NI student faces long road to recovery after coronavirus causes stroke

A 22-year-old student from Northern Ireland is on the long road to recovery having contracted coronavirus and a week later suffering a stroke.

Tuesday, 4th May 2021, 12:23 pm
Updated Wednesday, 5th May 2021, 9:21 am

Conor Mills, who is from Belfast, was at university in Bristol, living with friends in shared accommodation, when he began to feel unwell in November last year.

His symptoms included loss of taste and smell, lack of appetite and muscle and joint pain and nausea. As the days progressed, Conor was convinced that he’d contracted Covid-19, but things were to get even worse.

A few days later Conor woke up to find that he’d lost his speech completely and the movement in his right hand.

Sign up to our daily newsletter

The i newsletter cut through the noise

Student Conor Mills who got Covid which led to a stroke

He said: “I’d been asleep and woke up to find not only that I couldn’t speak, but I couldn’t understand what others were saying to me. I was unable to move my right hand and felt like my brain was going crazy. One of my friends who shared the house with me, phoned 999 and an ambulance rushed me to hospital where they confirmed that I’d had a stroke.”

Conor spent three weeks in hospital where he recovered well but was left with aphasia and a loss of feeling in his right hand. He came back to Belfast to recover.

He said: “It’s been tough as I find speaking difficult at times. Communicating has become so difficult. There’s times I can’t find the right word and I have to stop.

“I’m receiving speech and language therapy which is really helping but I get frustrated. I now have a few techniques that help such as writing down the words I want to say.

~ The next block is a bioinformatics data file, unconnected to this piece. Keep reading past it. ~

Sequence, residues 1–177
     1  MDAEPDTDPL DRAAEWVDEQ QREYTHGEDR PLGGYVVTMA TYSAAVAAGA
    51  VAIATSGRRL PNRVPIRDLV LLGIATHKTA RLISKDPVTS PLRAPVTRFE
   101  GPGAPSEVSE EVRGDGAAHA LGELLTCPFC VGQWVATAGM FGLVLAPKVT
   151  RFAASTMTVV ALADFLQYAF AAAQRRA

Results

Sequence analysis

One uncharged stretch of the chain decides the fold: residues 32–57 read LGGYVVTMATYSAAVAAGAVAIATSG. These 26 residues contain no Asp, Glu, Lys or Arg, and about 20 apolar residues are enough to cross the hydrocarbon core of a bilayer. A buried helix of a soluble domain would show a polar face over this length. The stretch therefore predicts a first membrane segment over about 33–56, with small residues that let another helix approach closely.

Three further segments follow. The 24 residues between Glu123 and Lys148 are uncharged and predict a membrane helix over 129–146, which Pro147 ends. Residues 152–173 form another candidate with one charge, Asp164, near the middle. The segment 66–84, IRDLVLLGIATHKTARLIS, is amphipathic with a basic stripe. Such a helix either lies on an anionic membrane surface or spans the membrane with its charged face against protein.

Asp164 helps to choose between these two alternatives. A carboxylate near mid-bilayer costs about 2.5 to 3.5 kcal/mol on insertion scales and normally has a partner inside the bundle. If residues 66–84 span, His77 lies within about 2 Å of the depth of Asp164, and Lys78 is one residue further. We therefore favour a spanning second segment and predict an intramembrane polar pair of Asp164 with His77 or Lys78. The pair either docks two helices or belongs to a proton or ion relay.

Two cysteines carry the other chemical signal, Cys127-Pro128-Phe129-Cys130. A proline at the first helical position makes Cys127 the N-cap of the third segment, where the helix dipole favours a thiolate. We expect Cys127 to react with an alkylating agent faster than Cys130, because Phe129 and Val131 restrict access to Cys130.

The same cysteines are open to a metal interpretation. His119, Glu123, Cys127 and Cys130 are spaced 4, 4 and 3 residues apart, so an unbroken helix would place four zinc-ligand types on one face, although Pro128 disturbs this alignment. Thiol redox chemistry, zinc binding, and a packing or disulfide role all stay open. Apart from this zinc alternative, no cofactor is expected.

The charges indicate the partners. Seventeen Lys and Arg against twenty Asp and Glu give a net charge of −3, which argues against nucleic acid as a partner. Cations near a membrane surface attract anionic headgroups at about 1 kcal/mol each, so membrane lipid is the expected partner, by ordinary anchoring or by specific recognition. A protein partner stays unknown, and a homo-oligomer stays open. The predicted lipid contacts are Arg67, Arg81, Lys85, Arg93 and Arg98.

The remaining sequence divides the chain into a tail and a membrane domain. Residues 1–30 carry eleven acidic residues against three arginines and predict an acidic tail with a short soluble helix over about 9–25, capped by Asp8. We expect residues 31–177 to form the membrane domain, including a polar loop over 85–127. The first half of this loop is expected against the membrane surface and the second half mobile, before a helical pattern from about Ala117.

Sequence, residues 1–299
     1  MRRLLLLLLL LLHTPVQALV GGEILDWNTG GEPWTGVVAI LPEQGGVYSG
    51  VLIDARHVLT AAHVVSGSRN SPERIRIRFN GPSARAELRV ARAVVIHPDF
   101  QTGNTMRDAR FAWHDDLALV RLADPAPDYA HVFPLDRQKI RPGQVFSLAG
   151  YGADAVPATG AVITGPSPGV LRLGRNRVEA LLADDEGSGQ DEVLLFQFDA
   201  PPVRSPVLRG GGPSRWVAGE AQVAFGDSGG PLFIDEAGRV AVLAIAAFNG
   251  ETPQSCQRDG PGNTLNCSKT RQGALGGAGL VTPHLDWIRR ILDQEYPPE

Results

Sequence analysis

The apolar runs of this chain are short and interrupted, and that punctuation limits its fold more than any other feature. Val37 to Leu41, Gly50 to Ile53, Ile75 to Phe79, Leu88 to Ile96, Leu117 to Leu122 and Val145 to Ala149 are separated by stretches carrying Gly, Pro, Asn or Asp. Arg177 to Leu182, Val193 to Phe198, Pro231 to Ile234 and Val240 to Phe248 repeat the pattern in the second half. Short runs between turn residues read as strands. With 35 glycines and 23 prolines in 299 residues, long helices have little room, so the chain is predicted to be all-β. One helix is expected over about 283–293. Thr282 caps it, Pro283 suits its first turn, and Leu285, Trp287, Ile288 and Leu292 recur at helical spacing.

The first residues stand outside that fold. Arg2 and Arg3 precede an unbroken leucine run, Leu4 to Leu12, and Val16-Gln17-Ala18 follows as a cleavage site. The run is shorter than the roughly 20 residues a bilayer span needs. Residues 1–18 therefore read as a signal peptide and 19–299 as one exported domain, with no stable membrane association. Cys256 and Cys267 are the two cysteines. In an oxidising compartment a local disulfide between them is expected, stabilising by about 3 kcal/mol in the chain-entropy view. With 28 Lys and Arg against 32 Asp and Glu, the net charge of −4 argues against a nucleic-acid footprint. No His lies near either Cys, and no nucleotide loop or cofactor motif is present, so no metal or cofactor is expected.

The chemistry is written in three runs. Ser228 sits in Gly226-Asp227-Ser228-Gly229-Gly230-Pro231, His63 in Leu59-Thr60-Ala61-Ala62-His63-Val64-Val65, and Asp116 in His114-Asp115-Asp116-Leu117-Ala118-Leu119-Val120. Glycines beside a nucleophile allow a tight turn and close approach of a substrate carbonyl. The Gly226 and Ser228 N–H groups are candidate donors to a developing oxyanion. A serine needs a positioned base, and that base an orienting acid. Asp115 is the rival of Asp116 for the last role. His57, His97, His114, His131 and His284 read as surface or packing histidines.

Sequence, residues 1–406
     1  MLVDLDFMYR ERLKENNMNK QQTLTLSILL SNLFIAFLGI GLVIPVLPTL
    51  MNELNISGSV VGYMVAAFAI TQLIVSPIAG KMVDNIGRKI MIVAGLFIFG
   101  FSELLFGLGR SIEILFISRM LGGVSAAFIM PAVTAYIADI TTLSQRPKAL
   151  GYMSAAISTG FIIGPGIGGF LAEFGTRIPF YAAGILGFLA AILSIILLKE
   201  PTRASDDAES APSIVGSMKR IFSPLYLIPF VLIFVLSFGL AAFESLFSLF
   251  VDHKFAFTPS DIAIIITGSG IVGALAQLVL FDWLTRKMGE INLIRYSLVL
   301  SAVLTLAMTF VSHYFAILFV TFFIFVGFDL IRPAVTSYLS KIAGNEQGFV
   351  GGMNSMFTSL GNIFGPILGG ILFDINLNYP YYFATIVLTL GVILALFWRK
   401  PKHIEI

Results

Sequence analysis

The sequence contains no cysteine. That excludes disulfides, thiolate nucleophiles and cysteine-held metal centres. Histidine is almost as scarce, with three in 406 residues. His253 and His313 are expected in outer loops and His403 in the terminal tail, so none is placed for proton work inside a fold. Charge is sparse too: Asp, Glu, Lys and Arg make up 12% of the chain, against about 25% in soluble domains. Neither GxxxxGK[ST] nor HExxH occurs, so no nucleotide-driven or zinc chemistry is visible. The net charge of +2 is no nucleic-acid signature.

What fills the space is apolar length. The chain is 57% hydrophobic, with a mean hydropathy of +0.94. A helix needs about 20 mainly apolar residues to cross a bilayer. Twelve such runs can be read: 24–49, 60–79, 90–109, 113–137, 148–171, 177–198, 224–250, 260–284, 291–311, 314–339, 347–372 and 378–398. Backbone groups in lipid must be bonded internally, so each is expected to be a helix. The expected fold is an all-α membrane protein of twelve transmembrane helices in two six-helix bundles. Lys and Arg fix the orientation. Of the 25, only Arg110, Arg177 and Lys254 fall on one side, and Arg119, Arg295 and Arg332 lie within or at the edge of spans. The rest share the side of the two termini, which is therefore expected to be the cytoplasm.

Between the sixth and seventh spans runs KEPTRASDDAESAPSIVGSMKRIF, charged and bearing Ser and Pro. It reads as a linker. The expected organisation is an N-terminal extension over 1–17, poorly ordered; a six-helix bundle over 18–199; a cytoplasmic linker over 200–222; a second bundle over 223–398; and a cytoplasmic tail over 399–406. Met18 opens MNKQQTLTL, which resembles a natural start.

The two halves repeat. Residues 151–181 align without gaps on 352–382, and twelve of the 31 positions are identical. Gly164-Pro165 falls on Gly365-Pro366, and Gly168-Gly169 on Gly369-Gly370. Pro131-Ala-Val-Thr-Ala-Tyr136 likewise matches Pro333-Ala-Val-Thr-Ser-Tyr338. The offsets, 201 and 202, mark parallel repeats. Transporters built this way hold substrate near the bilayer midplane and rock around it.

“At the moment I’m unable to feel temperature with my right hand. There’s been times when I’ve burnt myself cooking as I just can’t feel hot or cold with that hand.”

Conor said: “Right now I don’t know if I will go back to my course at university. I want to take a really long look at my choices and figure out what I actually want from here on in.

“Soon after the stroke it hit me that my recovery is going to take a while and I can’t change that so, I might as well approach it with a positive attitude. I suppose that one positive thing I see now is that I’ve been given this opportunity to rethink my future but I know my recovery will take as long as it takes.”

Conor’s story coincides with the news that the Stroke Association is funding the world’s first study to determine the long-term impact of Covid-19 on stroke survivors.

Since the start of the pandemic there have been widespread reports of adults with the virus also having strokes. It is thought that the virus could be increasing the chance of blood clots forming in the brain and blocking blood flow.

A message from the Editor:

Thank you for reading this story on our website. While I have your attention, I also have an important request to make of you.

With the coronavirus lockdown having a major impact on many of our advertisers - and consequently the revenue we receive - we are more reliant than ever on you taking out a digital subscription.

Subscribe to newsletter.co.uk and enjoy unlimited access to the best Northern Ireland and UK news and information online and on our app. With a digital subscription, you can read more than 5 articles, see fewer ads, enjoy faster load times, and get access to exclusive newsletters and content. Visit https://www.newsletter.co.uk/subscriptions now to sign up.

Our journalism costs money and we rely on advertising, print and digital revenues to help to support them. By supporting us, we are able to support you in providing trusted, fact-checked content for this website.

Alistair Bushe

Editor